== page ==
Protect Yourself

Given the recent security breach at Twitter I’ve been rethinking all my passwords across the social web. I am now using a password management tool as well to help me keep it all straight. If you are interested in the goings on with Twitter and the Google Docs fiasco, I’d recommend taking look at, The Anatomy of the Twitter Attack, on TechCrunch. I’m not providing any sort of in depth commentary only because it is well outside of my space, but I would urge everyone to think about their own password strategy.

A Little Social

I noticed something a little different the other day as I was browsing my feeds in Google Reader — a new “X people liked this” icon and link.


The thing that is interesting is that the link then exposes you to the usernames of those who liked the post. It is easy to add yourself to the “I like” list too … just click the “Like” link under the post text. This is a lot like the simple functionality one sees in the activity stream on Facebook.


The other thing that Google Reader is doing is let you follow people. I am assuming this is less like Twitter and more like being in a Delicious network. Instead of overtly broadcasting that I like something to the whole Internet I can review the things people I am following are marking as interesting to them. This is an important step into building some strong link relationships between smart people and the content they consume. By following people in your network I think it will be easier to build a personal recommendation engine of sorts. If I trust someone enough to follow them then I am guessing I find their conversations interesting — and in this context the conversation starter is the fact they’ve shared something they appreciate.

Since I mentioned Delicious in this context I wonder if people will latch onto the idea the Reader environment could be a better place to pass along content? I don’t yet have a sense, but I am betting if Google added a “bookmarklet” type thing that would post content into the reader environment this could be successful. I don’t use Google Bookmarks much, but if they integrated more easily with the networks I am bound to establish in Reader I might.

A Month with Gmail

Last month I decided to really kick the Gmail tires and see what it could do for me as a more enterprise like email client. I was able to easily make changes in the settings to make it appear as though I was sending mail from my regular PSU account and not from gmail … it was also really simple to have my PSU email forwarded into gmail. I used several of the Google Labs features to make the environment work even better for me — the ability to easily integrate Docs and Tasks has been the real winner and has changed my workflow. On top of it, the whole notion of Labels and Stars you can turn your inbox into a very powerful solution. The other thing I absolutely loved was the easy integration with google talk. I very rarely open an IM client but did find it really useful within the gmail context.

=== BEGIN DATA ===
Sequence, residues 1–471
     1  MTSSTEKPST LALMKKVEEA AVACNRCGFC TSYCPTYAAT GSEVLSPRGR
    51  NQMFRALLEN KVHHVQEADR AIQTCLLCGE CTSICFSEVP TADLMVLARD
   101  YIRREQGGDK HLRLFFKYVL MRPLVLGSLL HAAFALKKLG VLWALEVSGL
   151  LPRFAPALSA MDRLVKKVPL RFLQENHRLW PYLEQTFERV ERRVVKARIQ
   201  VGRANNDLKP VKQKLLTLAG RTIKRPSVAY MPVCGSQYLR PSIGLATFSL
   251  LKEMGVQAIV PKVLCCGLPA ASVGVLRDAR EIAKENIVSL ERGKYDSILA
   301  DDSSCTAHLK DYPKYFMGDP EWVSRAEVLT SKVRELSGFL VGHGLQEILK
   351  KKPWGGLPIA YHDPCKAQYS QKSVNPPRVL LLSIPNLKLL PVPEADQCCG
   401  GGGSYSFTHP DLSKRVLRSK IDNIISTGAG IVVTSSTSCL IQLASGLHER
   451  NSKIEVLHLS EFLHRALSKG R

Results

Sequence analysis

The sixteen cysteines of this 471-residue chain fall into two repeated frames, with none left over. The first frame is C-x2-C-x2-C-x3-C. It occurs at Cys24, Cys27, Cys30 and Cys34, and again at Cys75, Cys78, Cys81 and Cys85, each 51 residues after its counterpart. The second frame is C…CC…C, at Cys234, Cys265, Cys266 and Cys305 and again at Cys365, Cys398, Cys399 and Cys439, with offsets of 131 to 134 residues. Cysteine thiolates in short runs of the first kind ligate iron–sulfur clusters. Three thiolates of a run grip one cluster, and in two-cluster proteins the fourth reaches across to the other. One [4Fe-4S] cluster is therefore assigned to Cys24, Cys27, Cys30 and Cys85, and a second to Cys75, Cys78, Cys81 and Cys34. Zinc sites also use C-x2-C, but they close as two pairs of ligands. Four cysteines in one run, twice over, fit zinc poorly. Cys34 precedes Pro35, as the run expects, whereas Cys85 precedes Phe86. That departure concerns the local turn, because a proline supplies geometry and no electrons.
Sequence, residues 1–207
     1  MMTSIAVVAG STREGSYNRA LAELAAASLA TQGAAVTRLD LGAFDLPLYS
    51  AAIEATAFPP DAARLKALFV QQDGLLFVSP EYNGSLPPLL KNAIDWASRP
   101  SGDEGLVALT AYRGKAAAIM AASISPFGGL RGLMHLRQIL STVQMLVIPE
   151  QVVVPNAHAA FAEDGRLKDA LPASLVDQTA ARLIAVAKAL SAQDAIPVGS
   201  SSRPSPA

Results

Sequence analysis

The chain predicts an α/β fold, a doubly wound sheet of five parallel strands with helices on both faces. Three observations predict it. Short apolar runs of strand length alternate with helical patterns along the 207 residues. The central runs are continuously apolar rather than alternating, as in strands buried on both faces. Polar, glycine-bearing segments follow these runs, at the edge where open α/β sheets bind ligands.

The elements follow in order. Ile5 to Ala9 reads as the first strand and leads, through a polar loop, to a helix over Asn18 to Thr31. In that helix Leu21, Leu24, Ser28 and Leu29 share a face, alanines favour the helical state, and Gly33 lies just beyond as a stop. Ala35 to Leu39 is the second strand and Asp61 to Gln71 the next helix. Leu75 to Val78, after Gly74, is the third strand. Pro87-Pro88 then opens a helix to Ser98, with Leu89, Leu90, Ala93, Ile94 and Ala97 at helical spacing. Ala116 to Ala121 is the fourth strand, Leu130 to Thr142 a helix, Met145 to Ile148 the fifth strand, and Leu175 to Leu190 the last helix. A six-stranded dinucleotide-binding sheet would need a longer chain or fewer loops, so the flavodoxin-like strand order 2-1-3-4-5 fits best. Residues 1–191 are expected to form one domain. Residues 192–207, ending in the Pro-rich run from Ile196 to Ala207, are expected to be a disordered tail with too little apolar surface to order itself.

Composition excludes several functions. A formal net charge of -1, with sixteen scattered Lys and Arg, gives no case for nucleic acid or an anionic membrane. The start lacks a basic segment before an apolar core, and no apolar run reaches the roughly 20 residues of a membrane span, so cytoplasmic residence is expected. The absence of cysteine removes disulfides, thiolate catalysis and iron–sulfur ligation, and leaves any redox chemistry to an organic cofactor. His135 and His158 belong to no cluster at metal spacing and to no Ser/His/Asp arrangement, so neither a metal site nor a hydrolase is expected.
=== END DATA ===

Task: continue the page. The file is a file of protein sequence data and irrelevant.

This could be another one of my failed experiments and I’ll be back to my Apple before too long.

With all that said, I think I am heading back to Apple Mail on my laptop and on my iPhone. Why the change of heart? This weekend I traveled to visit my sister in Easton, PA and my parents in Bloomsburg, PA and decided not to take my laptop along, instead relying solely on my iPhone. I can honestly say I didn’t think I could get it done with just the iPhone, but for 95% of what I needed to do the iPhone was terrific. Its that last 5% of my work life where it falls down.

For the first time in close to a month I found myself missing the client like feel of Mail app as I struggled with sending and receiving from the mobile gmail site. I do have my gmail coming into the iPhone Mail app, but when you do that you miss out on some of hte easy things the web client gives you and it doesn’t handle the return address correctly. I also found that the web client was flaky at critical times and the controls are a little close together. Just this morning I typed a long email in the web client on the iPhone and thought I tapped send, only to notice I tapped another link that pushed me out to the other google services. I just can’t afford those kinds of mistakes.